Simulation is one of the most widely used tools within management science. The teaching of simulation has traditionally involved theory and practical model development. With the advent of modern software, practical model development can be undertaken with very little knowledge of simulation theory. This enables students who are more able in model building to develop their capabilities in this area and use their strengths to help develop the theoretical knowledge as they progress. This paper demonstrates how a little knowledge of the principles of simulation has been used to help students to develop working models by prototyping.

Details

Journal of European Industrial Training, vol. 22 no. 1
Type: Research Article
ISSN: 0309-0590

Keywords

Article
Publication date: 1 February 1997

T.A. Spedding, W.L. Lee, R. de Souza and S.S.G. Lee

Describes the development of an adaptive simulation model for a keyboard assembly cell for real‐time decision support. Discusses the architecture of the modelling and

Abstract

Describes the development of an adaptive simulation model for a keyboard assembly cell for real‐time decision support. Discusses the architecture of the modelling and control system, including the movement of entities and conveyors, describing how up to four different keyboard types may be modelled, with a PC cell controller continually monitoring the state changes of the assembly line, passing the data captured to the simulation model created in ARENA.

Details

Integrated Manufacturing Systems, vol. 8 no. 1
Type: Research Article
ISSN: 0957-6061

Keywords

Article
Publication date: 10 May 2013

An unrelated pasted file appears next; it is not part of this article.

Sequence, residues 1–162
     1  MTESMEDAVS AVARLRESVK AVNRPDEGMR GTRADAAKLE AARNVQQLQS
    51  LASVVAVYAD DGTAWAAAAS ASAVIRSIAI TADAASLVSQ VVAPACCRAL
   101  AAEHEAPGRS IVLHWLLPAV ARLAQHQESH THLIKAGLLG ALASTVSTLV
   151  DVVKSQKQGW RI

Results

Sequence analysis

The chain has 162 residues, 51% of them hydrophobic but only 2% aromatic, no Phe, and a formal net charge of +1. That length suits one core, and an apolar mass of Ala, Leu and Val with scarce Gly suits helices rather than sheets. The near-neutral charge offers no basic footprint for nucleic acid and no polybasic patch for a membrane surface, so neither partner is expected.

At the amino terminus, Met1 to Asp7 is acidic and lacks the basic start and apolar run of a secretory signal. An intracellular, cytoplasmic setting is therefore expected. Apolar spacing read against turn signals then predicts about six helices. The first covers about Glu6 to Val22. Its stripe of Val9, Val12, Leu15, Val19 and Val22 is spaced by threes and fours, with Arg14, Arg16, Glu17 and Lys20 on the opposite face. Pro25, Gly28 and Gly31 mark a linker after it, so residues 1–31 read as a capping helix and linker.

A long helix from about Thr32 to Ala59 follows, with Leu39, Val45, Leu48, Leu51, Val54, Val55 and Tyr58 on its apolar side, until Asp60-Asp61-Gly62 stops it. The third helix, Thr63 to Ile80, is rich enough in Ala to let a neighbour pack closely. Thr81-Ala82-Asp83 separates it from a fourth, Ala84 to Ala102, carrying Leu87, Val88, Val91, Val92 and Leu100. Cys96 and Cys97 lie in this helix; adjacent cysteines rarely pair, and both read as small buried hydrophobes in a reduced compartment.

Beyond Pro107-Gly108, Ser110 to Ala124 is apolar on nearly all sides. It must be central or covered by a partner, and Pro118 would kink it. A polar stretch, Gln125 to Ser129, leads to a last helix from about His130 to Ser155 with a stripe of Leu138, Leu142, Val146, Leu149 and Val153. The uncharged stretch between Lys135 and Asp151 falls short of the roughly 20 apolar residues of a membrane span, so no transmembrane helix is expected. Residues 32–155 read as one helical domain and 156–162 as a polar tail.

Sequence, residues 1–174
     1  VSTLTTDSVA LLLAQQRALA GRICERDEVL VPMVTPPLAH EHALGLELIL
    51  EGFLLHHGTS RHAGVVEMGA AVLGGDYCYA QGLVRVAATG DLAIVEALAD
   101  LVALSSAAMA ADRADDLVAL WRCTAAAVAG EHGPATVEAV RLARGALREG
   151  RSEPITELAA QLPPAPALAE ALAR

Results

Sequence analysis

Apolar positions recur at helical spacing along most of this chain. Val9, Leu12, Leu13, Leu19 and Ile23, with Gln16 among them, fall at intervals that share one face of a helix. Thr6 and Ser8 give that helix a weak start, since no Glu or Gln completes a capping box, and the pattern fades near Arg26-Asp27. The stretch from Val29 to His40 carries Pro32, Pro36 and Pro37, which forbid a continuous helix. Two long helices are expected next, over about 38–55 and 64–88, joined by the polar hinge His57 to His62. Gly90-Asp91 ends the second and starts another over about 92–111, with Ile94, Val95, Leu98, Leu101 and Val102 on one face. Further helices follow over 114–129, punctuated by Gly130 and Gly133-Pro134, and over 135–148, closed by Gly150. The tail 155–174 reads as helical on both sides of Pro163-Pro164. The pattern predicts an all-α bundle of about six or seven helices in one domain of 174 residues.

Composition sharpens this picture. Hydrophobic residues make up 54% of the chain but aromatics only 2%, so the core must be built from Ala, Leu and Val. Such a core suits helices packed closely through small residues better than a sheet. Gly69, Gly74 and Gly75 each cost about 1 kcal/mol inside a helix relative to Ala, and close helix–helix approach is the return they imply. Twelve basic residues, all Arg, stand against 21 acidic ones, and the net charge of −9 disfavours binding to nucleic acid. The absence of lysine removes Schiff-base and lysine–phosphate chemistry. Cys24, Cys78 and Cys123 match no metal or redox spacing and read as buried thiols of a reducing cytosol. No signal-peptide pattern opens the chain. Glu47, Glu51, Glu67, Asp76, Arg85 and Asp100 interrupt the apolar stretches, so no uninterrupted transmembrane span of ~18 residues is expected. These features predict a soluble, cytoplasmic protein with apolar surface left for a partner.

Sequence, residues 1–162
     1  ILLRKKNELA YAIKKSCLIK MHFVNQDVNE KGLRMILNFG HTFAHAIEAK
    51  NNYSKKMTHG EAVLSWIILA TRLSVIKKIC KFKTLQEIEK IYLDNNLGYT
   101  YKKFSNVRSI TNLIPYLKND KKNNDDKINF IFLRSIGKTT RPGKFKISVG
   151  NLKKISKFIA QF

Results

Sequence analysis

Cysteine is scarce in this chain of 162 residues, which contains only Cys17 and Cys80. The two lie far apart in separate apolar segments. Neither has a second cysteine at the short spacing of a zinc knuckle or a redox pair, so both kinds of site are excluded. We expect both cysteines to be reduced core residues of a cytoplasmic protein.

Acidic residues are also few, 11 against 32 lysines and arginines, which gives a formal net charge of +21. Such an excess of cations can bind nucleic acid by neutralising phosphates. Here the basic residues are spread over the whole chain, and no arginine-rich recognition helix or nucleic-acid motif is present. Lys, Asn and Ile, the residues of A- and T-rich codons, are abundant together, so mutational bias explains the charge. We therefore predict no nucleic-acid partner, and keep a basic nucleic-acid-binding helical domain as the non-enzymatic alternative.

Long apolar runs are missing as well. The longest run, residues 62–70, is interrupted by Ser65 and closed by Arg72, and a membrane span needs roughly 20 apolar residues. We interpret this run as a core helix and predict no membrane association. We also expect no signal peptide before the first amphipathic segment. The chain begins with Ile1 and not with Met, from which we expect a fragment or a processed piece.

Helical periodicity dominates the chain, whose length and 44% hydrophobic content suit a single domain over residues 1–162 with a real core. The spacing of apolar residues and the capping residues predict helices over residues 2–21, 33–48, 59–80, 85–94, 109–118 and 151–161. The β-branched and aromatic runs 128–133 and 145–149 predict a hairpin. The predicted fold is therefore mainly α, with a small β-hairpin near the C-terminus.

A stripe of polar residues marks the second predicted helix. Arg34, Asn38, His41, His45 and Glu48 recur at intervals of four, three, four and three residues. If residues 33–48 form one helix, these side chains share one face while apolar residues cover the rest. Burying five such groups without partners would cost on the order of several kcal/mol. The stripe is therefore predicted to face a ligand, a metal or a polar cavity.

Peter Filipp Fuchs, Klaus Fellner and Gerald Pinter

The purpose of this paper is to analyse, in a finite element simulation, the failure of a multilayer printed circuit board (PCB), exposed to an impact load, to better…

Abstract

Purpose

The purpose of this paper is to analyse, in a finite element simulation, the failure of a multilayer printed circuit board (PCB), exposed to an impact load, to better evaluate the reliability and lifetime. Thereby the focus was set on failures in the outermost epoxy layer.

Design/methodology/approach

The fracture behaviour of the affected material was characterized. The parameters of a cohesive zone law were determined by performing a double cantilever beam test and a corresponding simulation. The cohesive zone law was used in an enriched finite element local simulation model to predict the crack initiation and crack propagation. Using the determined location of the initial crack, the energy release rate at the crack tip was calculated, allowing an evaluation of the local loading situation.

Findings

A good concurrence between the simulated and the experimentally observed failure pattern was observed. Calculating the energy release rate of two example PCBs, the significant influence of the chosen type on the local failure behaviour was proven.

Originality/value

The work presented in this paper allows for the simulation and evaluation of failure in the outermost epoxy layers of printed circuit boards due to impact loads.

Article
Publication date: 1 July 2006

Alok K. Verma

The purpose of this paper is to deal with the application of the stochastic inventory model to the three‐tier supply chain and verify the values obtained by mathematical…

2966

Abstract

Purpose

The purpose of this paper is to deal with the application of the stochastic inventory model to the three‐tier supply chain and verify the values obtained by mathematical model in physical simulation.

Design/methodology/approach

The paper investigates three‐stage serial supply chain with stochastic demand and fixed replenishment lead‐time. Inventory holding costs are charged at each stage, and each stage may incur a consumer backorder penalty cost charged by primary supplier to secondary supplier. The customer‐demand follows Poisson distribution. The base stock model is implemented for inventory control at both suppliers. Physical simulation is then designed in such a way that it satisfies all the assumptions for mathematical model. Simulation is run to verify the values obtained from mathematical model.

Findings